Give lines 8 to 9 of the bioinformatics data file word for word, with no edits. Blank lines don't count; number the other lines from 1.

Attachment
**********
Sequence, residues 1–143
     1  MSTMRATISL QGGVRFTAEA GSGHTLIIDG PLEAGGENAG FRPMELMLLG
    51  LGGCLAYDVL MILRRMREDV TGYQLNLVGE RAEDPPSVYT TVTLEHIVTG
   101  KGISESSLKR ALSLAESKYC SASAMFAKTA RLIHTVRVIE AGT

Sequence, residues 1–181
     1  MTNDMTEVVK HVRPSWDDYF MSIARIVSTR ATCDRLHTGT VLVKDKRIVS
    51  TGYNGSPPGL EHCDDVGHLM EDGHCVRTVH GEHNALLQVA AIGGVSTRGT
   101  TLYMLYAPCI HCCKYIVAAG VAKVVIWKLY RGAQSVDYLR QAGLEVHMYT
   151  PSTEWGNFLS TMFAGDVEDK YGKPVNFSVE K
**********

   101  TLYMLYAPCI HCCKYIVAAG VAKVVIWKLY RGAQSVDYLR QAGLEVHMYT
   151  PSTEWGNFLS TMFAGDVEDK YGKPVNFSVE K